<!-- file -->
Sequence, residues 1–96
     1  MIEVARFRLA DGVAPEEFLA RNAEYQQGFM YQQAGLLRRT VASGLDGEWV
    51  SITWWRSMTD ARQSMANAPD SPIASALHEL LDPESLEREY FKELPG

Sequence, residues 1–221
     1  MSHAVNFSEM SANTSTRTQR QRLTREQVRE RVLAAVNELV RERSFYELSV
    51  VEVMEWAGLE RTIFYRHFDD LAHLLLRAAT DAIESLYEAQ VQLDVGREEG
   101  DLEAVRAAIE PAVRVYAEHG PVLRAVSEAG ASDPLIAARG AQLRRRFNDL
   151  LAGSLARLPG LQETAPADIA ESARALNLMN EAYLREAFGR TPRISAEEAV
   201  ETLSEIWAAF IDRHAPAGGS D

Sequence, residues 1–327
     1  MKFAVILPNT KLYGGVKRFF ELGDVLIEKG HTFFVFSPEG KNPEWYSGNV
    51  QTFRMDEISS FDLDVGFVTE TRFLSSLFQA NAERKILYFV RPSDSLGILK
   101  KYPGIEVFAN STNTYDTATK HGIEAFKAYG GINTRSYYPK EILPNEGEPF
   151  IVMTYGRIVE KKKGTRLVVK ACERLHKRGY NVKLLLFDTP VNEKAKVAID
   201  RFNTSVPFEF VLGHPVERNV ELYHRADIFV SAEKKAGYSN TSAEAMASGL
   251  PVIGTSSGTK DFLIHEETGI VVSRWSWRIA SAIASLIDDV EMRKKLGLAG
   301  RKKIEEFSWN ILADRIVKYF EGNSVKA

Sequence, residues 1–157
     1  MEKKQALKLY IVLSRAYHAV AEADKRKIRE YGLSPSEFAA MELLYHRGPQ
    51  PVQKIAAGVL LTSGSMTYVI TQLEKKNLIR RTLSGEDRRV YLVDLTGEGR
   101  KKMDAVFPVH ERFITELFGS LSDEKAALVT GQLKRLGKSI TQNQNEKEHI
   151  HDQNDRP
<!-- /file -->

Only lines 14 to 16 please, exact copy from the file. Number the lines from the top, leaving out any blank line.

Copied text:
   151  IVMTYGRIVE KKKGTRLVVK ACERLHKRGY NVKLLLFDTP VNEKAKVAID
   201  RFNTSVPFEF VLGHPVERNV ELYHRADIFV SAEKKAGYSN TSAEAMASGL
   251  PVIGTSSGTK DFLIHEETGI VVSRWSWRIA SAIASLIDDV EMRKKLGLAG